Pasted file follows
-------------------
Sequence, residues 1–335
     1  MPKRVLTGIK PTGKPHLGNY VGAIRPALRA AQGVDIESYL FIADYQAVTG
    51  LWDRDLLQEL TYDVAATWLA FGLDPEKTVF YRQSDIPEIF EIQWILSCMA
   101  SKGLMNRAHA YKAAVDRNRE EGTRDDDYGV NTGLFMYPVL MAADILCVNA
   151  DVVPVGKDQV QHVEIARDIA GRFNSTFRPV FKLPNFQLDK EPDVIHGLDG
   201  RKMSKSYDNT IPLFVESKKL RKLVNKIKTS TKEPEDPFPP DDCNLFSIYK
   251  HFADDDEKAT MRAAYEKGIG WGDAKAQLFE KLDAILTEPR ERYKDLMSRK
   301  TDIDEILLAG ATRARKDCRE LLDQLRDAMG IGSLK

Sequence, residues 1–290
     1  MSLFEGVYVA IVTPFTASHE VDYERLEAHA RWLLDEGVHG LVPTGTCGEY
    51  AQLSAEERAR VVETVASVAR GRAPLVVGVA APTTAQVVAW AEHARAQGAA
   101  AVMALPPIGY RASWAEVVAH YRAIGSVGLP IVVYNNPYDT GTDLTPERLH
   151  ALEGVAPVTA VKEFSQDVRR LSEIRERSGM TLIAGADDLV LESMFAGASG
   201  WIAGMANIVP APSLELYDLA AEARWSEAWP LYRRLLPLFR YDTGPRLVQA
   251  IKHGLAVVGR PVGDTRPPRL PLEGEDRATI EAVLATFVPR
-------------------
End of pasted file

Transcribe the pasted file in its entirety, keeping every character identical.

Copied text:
Sequence, residues 1–335
     1  MPKRVLTGIK PTGKPHLGNY VGAIRPALRA AQGVDIESYL FIADYQAVTG
    51  LWDRDLLQEL TYDVAATWLA FGLDPEKTVF YRQSDIPEIF EIQWILSCMA
   101  SKGLMNRAHA YKAAVDRNRE EGTRDDDYGV NTGLFMYPVL MAADILCVNA
   151  DVVPVGKDQV QHVEIARDIA GRFNSTFRPV FKLPNFQLDK EPDVIHGLDG
   201  RKMSKSYDNT IPLFVESKKL RKLVNKIKTS TKEPEDPFPP DDCNLFSIYK
   251  HFADDDEKAT MRAAYEKGIG WGDAKAQLFE KLDAILTEPR ERYKDLMSRK
   301  TDIDEILLAG ATRARKDCRE LLDQLRDAMG IGSLK

Sequence, residues 1–290
     1  MSLFEGVYVA IVTPFTASHE VDYERLEAHA RWLLDEGVHG LVPTGTCGEY
    51  AQLSAEERAR VVETVASVAR GRAPLVVGVA APTTAQVVAW AEHARAQGAA
   101  AVMALPPIGY RASWAEVVAH YRAIGSVGLP IVVYNNPYDT GTDLTPERLH
   151  ALEGVAPVTA VKEFSQDVRR LSEIRERSGM TLIAGADDLV LESMFAGASG
   201  WIAGMANIVP APSLELYDLA AEARWSEAWP LYRRLLPLFR YDTGPRLVQA
   251  IKHGLAVVGR PVGDTRPPRL PLEGEDRATI EAVLATFVPR